The contemporary Peterborough Chronicle (also called the Laud Manuscript), one of the Anglo-Saxon Chronicles, states, "before the month of August came king Sweyn with his fleet to Sandwich. He went very quickly about East Anglia into the Humber's mouth, and so upward along the Trent till he came to Gainsborough. Earl Uchtred and all Northumbria quickly bowed to him, as did all the people of Lindsey, then the people of the Five Boroughs. He was given hostages from each shire. When he understood that all the people had submitted to him, he bade that his force should be provisioned and horsed; he went south with the main part of the invasion force, while some of the invasion force, as well as the hostages, were with his son Cnut. After he came over Watling Street, they went to Oxford, and the town-dwellers soon bowed to him, and gave hostages. From there they went to Winchester, and the people did the same, then eastward to London."
But the Londoners put up a strong resistance, because King Æthelred and Thorkell the Tall, a Viking leader who had defected to Æthelred, were in the city, and held their ground against him. Sweyn then went west to Bath, where the western thanes submitted to him and gave hostages. The Londoners followed suit, fearing Sweyn's revenge if they resisted any longer. King Æthelred sent his sons Edward and Alfred to Normandy, and retreated to the Isle of Wight, and then followed them into exile. On Christmas Day 1013 Sweyn was declared king of England.
Based in Gainsborough, Lincolnshire, Sweyn began to organize his vast new kingdom, but he died there on 3 February 1014, having ruled England unopposed for only five weeks. His embalmed body was returned to Denmark, to be buried in the church he built in Roskilde. He was succeeded as King of Denmark by his elder son, Harald II, but the Danish fleet proclaimed his younger son Cnut king. In England, the councillors had sent for Æthelred, who upon his return from exile in Normandy in the spring of 1014 managed to drive Cnut out of England. But Cnut returned and became King of England in 1016, while also ruling Denmark, Norway, parts of Sweden, Pomerania, and Schleswig.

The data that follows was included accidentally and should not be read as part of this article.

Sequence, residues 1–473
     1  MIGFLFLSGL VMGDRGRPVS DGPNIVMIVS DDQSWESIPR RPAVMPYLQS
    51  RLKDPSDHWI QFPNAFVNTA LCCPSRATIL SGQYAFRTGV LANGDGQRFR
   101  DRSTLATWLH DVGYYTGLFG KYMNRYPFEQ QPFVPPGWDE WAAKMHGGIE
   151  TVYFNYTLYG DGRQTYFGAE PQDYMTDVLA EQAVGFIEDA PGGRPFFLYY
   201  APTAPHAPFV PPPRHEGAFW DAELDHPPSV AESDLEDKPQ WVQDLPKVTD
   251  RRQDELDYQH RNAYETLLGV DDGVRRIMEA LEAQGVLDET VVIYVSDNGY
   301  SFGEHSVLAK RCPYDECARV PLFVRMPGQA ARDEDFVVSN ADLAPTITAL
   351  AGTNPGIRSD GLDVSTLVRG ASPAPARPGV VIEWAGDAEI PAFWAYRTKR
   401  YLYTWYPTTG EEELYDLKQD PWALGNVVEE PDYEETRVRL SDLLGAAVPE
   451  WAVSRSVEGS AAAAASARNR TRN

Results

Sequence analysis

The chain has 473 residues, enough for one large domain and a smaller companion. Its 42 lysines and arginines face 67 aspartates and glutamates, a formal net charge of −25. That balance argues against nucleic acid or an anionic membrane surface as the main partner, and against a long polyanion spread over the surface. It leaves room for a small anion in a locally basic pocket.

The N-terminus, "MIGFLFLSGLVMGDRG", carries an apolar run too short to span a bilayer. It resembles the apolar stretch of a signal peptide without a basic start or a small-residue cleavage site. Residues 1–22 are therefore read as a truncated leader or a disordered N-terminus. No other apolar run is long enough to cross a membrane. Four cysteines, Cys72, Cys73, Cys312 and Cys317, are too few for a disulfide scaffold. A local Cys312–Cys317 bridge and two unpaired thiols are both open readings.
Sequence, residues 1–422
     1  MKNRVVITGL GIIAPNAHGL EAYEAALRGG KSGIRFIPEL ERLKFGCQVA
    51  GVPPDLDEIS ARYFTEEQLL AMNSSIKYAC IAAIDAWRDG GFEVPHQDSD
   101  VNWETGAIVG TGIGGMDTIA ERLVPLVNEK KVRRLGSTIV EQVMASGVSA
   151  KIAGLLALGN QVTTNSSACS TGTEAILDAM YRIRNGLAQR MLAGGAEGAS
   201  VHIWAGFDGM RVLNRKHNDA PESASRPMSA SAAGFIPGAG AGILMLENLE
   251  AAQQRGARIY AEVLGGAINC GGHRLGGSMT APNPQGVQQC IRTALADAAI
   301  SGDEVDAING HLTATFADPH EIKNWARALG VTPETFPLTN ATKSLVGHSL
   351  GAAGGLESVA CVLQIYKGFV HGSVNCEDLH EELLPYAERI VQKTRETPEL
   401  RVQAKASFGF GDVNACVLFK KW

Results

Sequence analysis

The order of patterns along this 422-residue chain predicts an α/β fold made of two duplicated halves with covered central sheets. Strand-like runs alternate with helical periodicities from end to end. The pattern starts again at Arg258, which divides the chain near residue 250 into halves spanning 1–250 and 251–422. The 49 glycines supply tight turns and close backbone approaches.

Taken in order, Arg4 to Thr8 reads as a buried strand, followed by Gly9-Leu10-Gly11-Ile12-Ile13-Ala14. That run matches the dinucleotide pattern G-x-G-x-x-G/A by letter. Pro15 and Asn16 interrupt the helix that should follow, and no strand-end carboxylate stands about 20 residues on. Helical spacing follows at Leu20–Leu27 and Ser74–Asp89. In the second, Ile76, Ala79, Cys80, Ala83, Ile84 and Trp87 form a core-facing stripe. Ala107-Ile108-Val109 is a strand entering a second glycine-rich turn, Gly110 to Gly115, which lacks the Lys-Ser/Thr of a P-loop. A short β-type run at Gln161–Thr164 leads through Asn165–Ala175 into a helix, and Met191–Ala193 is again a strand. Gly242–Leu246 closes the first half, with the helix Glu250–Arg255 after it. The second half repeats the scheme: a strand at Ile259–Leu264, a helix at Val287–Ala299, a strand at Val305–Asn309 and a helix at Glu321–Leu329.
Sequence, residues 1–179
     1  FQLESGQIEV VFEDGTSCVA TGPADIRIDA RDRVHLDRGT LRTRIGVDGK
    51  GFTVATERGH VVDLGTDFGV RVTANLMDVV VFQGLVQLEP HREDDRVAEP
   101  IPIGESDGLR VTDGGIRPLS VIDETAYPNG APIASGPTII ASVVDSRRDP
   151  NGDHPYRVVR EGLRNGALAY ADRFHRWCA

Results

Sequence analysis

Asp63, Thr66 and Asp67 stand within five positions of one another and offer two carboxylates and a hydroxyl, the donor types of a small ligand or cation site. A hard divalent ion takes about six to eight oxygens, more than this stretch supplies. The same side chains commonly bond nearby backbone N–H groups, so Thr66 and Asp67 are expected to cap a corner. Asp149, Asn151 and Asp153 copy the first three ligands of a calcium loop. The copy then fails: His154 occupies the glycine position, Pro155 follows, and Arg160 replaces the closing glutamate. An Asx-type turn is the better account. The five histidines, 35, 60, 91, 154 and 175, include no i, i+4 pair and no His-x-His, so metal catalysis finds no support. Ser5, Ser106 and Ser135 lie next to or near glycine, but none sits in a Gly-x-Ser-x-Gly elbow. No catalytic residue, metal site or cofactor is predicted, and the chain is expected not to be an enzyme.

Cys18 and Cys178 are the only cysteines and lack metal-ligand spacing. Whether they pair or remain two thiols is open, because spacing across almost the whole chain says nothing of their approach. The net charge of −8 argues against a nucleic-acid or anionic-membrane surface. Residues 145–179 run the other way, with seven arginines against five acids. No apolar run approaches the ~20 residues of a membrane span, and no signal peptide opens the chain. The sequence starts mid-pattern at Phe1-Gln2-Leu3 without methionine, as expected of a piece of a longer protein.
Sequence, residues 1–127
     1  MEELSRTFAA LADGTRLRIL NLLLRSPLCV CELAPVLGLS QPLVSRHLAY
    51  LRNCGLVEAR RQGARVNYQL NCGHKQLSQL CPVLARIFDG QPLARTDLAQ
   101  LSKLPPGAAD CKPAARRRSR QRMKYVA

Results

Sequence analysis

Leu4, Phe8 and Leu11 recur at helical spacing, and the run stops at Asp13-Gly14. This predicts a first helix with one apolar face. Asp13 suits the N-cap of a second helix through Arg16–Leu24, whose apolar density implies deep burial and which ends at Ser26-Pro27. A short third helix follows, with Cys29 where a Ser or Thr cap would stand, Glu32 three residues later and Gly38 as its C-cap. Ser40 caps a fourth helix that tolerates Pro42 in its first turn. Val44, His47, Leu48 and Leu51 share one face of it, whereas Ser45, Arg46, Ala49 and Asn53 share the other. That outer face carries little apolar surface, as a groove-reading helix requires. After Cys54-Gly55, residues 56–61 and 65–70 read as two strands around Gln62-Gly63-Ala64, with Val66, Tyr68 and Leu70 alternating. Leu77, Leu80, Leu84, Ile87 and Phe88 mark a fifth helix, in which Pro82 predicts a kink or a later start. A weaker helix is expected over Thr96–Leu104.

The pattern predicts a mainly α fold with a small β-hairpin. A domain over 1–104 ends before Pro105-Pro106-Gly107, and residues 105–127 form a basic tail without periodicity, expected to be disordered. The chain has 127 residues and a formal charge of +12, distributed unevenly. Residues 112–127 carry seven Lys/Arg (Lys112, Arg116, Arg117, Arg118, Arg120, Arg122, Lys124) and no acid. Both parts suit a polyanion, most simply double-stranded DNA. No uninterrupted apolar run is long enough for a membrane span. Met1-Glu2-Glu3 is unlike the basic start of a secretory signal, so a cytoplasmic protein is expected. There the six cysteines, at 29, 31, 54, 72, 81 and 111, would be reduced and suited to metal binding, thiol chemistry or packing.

His son Cnut and grandsons Harold Harefoot and Harthacnut ruled England for 26 years. After Harthacnut's death, the English throne reverted to the House of Wessex. Sweyn's descendents through his daughter Estrid continue to rule Denmark to this day. One of his descendants, Margaret of Denmark, married James III of Scotland, introducing Sweyn's bloodline into the Scottish Royal blood line. After James VI of Scotland inherited the English throne in 1603, Sweyn's ancestry was introduced into the English royal bloodline as well. Therefore, from 1603 on, all English and British monarchs are descended from King Sweyn of England, among others.